The Federal Deposit Insurance Corporation (FDIC), the federal organization that insures that customers do not lose deposits held at banks when those banks run into trouble, is finding itself in trouble. For years, Congress hasn’t allowed the FDIC to collect insurance premiums from banks, bowing to the strong banking industry lobby. Now that banks have been failing and are expected to continue, the FDIC is in a tight spot. Despite the lack of funding, last year the government approved increasing insured limits from $100,000 to $250,000 per depositor through the end of 2009, and there is talk of extending the increased coverage.
If banks continue to fail and the FDIC does not have the funds to ensure deposits, what happens to the money held in those bank accounts? Well, you may not be able to withdraw your money when you want. But what are the realistic chances of this happening?
I mentioned recently that some money market funds are insured not to lose money for depositors, in addition to savings accounts, and Yana brought up the FDIC’s problems.
She mentioned that in this environment no bank is very safe, despite President Obama’s reassurance that Americans do not need to resort to withdrawing money from the financial system and storing the cash in mattresses. Yana is making changes in her saving philosophy to stay away from companies that are formed as brokerages with a banking arm. In some case, banks appeared on top of the game one day but failed the next, so it’s hard to predict the next to fall.
The FDIC is asking to increase their line of credit with the Treasury from $30 billion to $500 billion. If everyone agrees, with separate approvals from Congress, the Federal Reserve, the Treasury Department, and the White House, the increased credit limit will go a long way to cover deposits in a catastrophic situation. The FDIC’s current funding should be sufficient for the usual stream of smaller banks, but if the insurance organization were to take over Citigroup or another major global bank to prevent the major banking crisis, the reserves would be drained immediately.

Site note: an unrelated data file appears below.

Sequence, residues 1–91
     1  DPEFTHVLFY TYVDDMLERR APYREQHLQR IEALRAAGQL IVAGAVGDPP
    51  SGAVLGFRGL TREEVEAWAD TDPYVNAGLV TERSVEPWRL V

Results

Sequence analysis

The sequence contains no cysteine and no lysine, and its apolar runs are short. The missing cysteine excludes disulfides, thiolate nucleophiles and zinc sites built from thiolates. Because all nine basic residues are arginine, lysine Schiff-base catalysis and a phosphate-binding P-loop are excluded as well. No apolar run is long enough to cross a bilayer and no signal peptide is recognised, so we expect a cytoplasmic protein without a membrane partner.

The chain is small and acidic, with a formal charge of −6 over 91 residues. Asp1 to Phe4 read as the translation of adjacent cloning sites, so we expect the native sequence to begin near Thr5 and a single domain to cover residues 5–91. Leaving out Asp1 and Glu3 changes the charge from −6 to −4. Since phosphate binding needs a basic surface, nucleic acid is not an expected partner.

I do not advise withdrawing money from savings accounts, but I do suggest diversifying across a number of banks. Do not leave more than $250,000 in one bank, unless you can also create a joint account. Stay within the FDIC limits for insurance, and spread your money out as much as possible. Many people suggest credit unions. Most credit union savings accounts are insured by the National Credit Union Association (NCUA), a federal agency like the FDIC, but the NCUA is also looking for more money to keep in reserve to cover failing institutions.
I expect FDIC’s $500 billion request to be approved and for there to be no problems accessing money if and when banks continue to fail. Maybe I’m just an optimist, but I think having a diversified portfolio of banking accounts, even if you don’t have savings up to FDIC insurance limits, is a good enough solution for now.
Right now, my savings accounts are distributing amongst Wachovia, ING Direct, TD Bank, HSBC Direct, FNBO Direct, E*TRADE Bank, Emigrant Direct, and a money market fund at Vanguard. Savings interest rates may go down to zero, but I’m confident enough that I won’t lose any money with this strategy.
Battling inflation is another issue. Sticking with high-yield accounts has worked so far, but with the stock market continuing its downward trend, you win when your account value doesn’t fall.
Bill Seeks to Let FDIC Borrow up to $500 Billion, Damian Paletta, Wall Street Journal, March 6, 2009
Letter from FDIC Chairman Sheila Bair to Christopher Dodd, Senate Chairman of Banking, Housing and Urban Affiars [pdf], March 5, 2009